'We're king of like weird evil twins of each other.'
Sean Lennon hasn't exactly shied away from associations with his famous parents. He works with his mother, Yoko Ono, in her Plastic Ono Band. With his own band, the Ghost of a Saber Tooth Tiger, he courts comparisons with his late father, John Lennon, by creating psychedelic music reminiscent of late-period Beatles.
Sean has inherited his dad's vocal timbre, along with his penchant for surrealism, both in lyrics and videos. But perhaps his most significant parallel with John is his decision to team up artistically with his longtime romantic partner. The Ghost of a Saber Tooth Tiger (or GOASTT) represents his mind-meld with model and musician Charlotte Kemp Muhl. She shares his eccentric tastes, just as Yoko shared John's.
Given Sean's strong ties with Mom and Dad (and really, he couldn't have escaped their shadow if he'd tried), it's impressive that he's emerged as an artist in his own right. You'll see real musicians, not just a celebrity couple, when he and Muhl showcase their idiosyncratic album Midnight Sun at the High Noon Saloon on Saturday, May 31, at 9:30 p.m.
Sean and Charlotte began their own epic romance after meeting at the 2005 Coachella music festival. "For about a year we wrote letters because Sean was touring [his album] Friendly Fire," says Muhl. "He would send me homemade postcards, and we would write and text and email nonstop."
Lennon and Muhl realized they could make beautiful music together -- literally. The sweethearts collaborated on 2010's dreamy Acoustic Sessions, which they considered merely a warm-up.
"We always wanted to be a psychedelic rock band," Muhl says. "But we decided to put out the acoustic record because we weren't ready to tour and perform as a rock band. We hadn't figured out the sound in the studio."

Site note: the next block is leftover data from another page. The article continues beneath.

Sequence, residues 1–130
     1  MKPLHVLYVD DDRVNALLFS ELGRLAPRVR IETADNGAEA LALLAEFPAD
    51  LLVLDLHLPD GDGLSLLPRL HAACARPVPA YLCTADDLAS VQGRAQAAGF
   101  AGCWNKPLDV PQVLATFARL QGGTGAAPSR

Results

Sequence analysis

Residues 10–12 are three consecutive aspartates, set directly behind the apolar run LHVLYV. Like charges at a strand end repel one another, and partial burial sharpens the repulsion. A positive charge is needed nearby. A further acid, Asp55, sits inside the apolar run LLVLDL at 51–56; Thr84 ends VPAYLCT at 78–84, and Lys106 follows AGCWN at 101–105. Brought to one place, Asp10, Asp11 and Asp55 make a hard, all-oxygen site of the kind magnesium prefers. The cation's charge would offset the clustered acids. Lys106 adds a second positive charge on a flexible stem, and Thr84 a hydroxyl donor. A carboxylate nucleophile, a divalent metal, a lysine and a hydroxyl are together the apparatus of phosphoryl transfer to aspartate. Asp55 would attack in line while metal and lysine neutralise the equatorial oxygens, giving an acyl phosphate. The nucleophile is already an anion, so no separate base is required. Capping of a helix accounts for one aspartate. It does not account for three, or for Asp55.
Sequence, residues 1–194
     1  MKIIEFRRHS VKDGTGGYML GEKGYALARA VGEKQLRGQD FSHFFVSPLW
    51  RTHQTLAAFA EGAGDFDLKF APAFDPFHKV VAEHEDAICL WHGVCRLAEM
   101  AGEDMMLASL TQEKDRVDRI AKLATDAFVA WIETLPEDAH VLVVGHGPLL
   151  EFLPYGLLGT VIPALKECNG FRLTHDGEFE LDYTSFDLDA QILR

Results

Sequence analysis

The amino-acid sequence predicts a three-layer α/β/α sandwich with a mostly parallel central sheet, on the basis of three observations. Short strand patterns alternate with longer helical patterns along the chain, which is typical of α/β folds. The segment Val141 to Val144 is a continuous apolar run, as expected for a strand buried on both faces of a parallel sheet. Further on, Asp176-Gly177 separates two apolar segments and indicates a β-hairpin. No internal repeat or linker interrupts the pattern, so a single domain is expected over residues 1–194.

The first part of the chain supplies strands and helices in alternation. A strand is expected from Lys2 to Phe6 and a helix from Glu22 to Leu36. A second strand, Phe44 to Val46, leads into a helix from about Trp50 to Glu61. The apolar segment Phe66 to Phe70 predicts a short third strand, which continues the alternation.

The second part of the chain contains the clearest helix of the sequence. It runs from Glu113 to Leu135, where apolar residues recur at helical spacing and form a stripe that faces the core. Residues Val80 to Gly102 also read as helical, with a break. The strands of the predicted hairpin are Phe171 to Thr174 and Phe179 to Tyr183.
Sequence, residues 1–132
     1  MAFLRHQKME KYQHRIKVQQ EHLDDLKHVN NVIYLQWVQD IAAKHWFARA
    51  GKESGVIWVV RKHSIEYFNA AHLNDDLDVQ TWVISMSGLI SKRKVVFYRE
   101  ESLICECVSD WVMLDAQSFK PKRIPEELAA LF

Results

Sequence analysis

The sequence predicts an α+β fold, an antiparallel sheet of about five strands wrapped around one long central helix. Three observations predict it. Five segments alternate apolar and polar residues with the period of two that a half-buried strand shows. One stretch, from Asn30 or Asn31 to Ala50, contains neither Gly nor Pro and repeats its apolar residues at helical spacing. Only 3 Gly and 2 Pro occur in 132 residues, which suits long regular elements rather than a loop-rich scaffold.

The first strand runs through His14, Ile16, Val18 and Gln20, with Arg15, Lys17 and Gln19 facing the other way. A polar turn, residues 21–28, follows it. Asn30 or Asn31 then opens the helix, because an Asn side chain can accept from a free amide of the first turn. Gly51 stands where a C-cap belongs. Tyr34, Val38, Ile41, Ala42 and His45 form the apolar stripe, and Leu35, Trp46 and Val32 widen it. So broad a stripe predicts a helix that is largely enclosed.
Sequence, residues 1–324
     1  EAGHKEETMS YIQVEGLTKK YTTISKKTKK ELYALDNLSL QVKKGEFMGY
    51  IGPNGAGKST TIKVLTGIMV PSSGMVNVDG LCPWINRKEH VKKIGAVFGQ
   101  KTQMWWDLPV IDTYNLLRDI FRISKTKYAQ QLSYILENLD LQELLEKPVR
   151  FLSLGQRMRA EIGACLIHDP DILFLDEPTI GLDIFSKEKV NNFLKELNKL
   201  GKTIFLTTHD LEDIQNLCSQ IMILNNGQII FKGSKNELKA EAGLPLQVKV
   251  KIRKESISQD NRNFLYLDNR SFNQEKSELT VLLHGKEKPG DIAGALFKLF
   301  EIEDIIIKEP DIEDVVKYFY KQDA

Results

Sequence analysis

With Midnight Sun, they've figured it out. The couple spent five years on the project, communing with one another via guitars, drums, piano and accordion.
"We're kind of like weird evil twins of each other," Muhl says of their collaborative process. "We're like brother and sister in the studio. There's a lot of tug and pull and bouncing ideas off each other."
Listening to the album is like sinking into a pleasant hallucination. "Moth to a Flame" creates a phantasmagorical soundscape with keening guitar and languid harmonies. On "Animals," Lennon shares a vision of "messages from Jesus in the grease upon the grilled cheese" over gusts of synthesized noise.
Lennon and Muhl play all the instruments on Midnight Sun. But for the tour they've put together a full-fledged rock band, including keyboardist Jared Samuel of Cibo Matto. It will be interesting to see how well the group pulls off the album's multilayered tone poems, which, according to Muhl, are strongly influenced by Pink Floyd.
I can't help asking if they're influenced by the Beatles, too.
"Yeah, I'm sure," Muhl admits, "but no more than your average band is influenced by the Beatles."